As he turns 85 next month, Robert plans to pursue a master’s degree and research ways of living better with Alzheimer's disease.
Over the past four years, Ron Robert has taken more than 30 courses on history, political science and cross-disciplinary studies at King's University College in London, Ontario, Canada. His dedication and hard work finally bore fruit this week when the 84-year-old graduated with a bachelor’s degree even as he battles early-stage Alzheimer's disease. According to CTV News, Robert—a former reporter who later worked in Ottawa with prime minister Pierre Trudeau—was diagnosed with the brain disorder in 2015. He explained that his decision to enroll in university was "a personal experiment that has succeeded by setting an example."
"It's such a wonderful feeling," the graduate said. "It gives a lot of people hope that they can live they can still live a good life with Alzheimer's. There will come a time when I won't be able to, and I fully expect that. But in the meantime, I'm living a full life." Although his condition has worsened over the course of the last four years, Robert believes keeping himself engaged with regular mental challenges may have helped slow the deterioration. "My short-term memory is terrible... but my long-term memory is not bad. It's actually improved," he said.
“I wouldn’t have the quality of life I have if I hadn’t come to King’s. It gave me something to aim for. It keeps my brain working,” Ron Robert, #MatureStudent with Alzheimer’s, will cross the stage during Fall Convocation. #APlaceToBecome @AlzCanada https://t.co/u5nPzubSOE— King's at Western (@KingsAtWestern) October 14, 2022
Robert's wife, Catherine Cornelius, revealed that her husband persevered through the course despite his medical condition. "He worked hard," she said. "I definitely believe that his focus on his studies stopped his Alzheimer's from progressing." In 2019, Robert addressed a group of first- and second-year medical students on campus, sharing what it's like to live with memory loss. "I want them to be more patient, to give them advice on how to live with Alzheimer's," he said at the time. While speaking to them, Robert stressed the importance of being sensitive with patients and of viewing them as people with individual needs and not just a set of illnesses.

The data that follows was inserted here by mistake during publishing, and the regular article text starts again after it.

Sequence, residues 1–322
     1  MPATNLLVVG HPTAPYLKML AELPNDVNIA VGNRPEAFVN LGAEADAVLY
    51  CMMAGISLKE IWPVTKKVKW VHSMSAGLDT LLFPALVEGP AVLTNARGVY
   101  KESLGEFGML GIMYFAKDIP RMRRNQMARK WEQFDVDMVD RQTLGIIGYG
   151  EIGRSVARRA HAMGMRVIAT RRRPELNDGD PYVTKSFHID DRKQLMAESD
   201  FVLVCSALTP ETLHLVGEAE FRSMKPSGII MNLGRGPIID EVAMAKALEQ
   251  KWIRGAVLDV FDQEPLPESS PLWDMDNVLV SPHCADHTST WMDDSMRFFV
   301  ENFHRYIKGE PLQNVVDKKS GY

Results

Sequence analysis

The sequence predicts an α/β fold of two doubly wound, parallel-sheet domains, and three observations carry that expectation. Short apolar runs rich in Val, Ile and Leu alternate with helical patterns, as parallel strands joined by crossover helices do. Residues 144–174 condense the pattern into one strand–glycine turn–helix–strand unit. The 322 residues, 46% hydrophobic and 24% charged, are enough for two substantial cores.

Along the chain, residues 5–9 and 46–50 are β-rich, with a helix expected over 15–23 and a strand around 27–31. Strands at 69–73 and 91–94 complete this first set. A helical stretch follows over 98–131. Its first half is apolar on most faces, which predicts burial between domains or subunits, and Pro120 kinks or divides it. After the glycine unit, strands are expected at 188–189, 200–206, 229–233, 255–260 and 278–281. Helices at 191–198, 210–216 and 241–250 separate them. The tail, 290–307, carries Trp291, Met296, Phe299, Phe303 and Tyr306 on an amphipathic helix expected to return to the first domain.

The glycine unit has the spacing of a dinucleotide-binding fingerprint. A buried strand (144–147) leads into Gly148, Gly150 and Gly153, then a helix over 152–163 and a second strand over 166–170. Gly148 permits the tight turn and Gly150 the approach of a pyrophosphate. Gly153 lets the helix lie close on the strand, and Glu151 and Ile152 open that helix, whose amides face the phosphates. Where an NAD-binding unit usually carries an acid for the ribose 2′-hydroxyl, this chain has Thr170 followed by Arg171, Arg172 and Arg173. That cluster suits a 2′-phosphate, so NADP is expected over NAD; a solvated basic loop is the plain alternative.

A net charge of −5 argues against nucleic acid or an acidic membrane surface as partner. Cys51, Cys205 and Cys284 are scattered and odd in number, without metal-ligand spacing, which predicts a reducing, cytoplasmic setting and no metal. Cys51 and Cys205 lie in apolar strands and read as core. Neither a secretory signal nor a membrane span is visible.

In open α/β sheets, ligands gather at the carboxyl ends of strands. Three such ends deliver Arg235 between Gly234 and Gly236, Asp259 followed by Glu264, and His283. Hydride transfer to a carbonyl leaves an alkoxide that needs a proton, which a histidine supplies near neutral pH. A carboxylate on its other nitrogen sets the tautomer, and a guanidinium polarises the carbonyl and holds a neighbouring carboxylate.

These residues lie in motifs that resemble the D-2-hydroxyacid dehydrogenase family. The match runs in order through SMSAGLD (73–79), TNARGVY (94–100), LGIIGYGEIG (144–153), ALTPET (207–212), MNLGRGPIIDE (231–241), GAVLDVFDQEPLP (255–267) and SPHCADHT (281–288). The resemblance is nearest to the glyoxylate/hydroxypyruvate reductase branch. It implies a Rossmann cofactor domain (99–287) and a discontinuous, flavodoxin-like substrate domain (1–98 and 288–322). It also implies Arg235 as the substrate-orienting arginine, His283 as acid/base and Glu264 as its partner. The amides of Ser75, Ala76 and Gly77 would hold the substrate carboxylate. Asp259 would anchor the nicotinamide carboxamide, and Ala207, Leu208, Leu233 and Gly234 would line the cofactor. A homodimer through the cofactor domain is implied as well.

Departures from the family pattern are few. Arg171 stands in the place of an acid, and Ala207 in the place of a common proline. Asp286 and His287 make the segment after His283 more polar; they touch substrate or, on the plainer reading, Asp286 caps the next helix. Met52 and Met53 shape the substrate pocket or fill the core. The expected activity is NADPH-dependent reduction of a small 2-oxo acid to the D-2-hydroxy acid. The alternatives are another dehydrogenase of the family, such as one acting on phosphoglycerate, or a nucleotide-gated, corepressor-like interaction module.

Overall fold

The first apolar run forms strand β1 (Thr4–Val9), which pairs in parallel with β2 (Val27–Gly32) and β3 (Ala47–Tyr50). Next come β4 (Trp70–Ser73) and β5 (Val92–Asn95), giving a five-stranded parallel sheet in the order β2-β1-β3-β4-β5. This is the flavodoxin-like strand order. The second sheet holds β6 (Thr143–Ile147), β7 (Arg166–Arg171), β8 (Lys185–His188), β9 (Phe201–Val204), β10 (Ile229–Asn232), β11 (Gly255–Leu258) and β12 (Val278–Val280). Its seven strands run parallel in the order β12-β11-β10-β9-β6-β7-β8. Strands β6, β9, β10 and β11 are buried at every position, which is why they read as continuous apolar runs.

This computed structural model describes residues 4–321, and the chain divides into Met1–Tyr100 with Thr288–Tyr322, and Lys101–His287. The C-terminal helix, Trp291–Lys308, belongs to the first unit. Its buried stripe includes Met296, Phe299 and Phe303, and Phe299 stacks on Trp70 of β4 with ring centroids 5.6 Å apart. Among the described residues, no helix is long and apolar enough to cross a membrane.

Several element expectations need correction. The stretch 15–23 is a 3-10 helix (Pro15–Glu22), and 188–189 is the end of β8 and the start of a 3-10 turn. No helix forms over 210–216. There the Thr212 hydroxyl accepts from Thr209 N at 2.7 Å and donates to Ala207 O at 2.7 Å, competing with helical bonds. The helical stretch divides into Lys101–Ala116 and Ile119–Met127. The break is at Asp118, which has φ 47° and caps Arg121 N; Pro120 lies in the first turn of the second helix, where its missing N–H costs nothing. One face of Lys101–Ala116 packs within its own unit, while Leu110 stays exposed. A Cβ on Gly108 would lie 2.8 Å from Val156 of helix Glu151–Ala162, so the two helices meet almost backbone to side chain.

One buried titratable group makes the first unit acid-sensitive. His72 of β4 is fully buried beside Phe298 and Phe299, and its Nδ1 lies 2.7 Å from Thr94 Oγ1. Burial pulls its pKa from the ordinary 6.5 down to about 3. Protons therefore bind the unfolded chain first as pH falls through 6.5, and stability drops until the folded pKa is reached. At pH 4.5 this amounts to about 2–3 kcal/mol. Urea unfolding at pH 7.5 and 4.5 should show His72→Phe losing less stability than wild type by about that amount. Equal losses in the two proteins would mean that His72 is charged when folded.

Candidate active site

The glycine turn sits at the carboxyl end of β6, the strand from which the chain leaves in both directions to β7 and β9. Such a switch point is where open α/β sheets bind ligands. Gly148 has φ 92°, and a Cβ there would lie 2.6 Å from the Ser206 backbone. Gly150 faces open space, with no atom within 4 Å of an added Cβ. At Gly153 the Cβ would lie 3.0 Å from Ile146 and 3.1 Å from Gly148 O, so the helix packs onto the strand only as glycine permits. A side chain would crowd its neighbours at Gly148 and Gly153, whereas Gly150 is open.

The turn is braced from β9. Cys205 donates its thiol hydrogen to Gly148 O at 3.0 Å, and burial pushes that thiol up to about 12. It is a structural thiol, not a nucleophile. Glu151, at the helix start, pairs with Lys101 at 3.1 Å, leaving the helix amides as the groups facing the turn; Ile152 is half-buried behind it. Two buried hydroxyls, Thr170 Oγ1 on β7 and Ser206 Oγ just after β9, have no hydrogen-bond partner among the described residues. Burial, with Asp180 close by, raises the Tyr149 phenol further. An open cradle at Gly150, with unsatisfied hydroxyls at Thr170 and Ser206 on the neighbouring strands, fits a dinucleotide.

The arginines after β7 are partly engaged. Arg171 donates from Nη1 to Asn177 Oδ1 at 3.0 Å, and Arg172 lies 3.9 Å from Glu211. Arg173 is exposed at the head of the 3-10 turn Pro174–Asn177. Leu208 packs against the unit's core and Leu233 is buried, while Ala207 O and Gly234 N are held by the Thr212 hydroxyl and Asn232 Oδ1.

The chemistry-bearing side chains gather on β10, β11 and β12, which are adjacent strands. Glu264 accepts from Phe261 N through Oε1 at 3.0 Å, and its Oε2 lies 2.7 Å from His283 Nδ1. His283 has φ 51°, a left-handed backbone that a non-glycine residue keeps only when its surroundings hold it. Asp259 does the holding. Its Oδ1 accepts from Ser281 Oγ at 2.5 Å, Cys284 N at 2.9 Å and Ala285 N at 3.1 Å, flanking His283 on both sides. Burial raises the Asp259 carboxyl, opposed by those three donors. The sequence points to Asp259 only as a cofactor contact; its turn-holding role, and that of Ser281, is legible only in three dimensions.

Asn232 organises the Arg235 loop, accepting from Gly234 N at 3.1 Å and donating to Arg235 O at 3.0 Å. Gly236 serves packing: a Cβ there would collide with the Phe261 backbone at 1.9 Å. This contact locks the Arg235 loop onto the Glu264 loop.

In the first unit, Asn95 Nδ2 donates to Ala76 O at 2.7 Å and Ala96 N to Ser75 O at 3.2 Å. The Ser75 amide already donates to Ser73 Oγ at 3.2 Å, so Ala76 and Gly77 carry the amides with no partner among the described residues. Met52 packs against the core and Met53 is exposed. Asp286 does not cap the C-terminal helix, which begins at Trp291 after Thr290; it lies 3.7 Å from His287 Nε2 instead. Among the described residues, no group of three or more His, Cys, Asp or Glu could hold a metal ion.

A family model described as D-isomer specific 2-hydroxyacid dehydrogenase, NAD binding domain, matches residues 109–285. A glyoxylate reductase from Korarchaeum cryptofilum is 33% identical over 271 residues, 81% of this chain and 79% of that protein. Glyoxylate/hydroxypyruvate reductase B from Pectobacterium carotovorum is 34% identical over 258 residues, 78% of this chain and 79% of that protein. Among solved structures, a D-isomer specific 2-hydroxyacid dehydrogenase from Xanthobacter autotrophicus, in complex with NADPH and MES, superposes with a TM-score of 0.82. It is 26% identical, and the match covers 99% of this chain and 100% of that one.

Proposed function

A special day of celebrating new @KingsAtWestern grads including the inspirational Ron Robert, 84 years young and living with Alzheimer’s. He inspires lifelong learning! It was an emotional moment when he crossed the stage @WesternU Congratulations Ron and all the new alumni! pic.twitter.com/LpSESG5XAe— Jane Antoniak (@keego1) October 19, 2022
"You have no idea how much of an effect you have," Robert told the students. "When you're dealing with this kind of thing as doctors, two keywords are kindness and patience." Now, he credits his teachers for empowering him to graduate by adapting their classes to help him remember information and recording the lectures so he could listen to them multiple times. "I think Ron is the living embodiment of the phrase 'don't judge a book by its cover,' or perhaps, don't assume someone cannot [do something] simply because of a diagnosis," said one of Robert's professors, Jeff Preston.
It’s not everyday I get to congratulate a graduate older than me! At 84 years old, Ron Robert truly embodies what it means to be a lifelong learner & what makes @KingsAtWestern #APlaceToBecome. Congratulations Ron & to all our grads who crossed the stage @ Fall Convocation today! pic.twitter.com/Bb2q1nmjnz— King's President (@KingsPres) October 19, 2022
"We have this perception that people with disabilities like Alzheimer's are wholly incapable. I think what Ron has shown is that all sorts of people can succeed in a university classroom when provided with the right environment and supports to nurture success," Preston added. Walking across the graduation stage this week was the fulfillment of a 60-year-old dream for Robert as he'd always wanted to attend university. However, life took a different turn and he had a 20-year career as a radio and television journalist in Saskatchewan and Alberta and worked as a political aide to former Prime Minister Pierre Trudeau. As he turns 85 next month, Robert plans to pursue a master’s degree and research ways of living better with Alzheimer's disease, using his own experience as a model for others.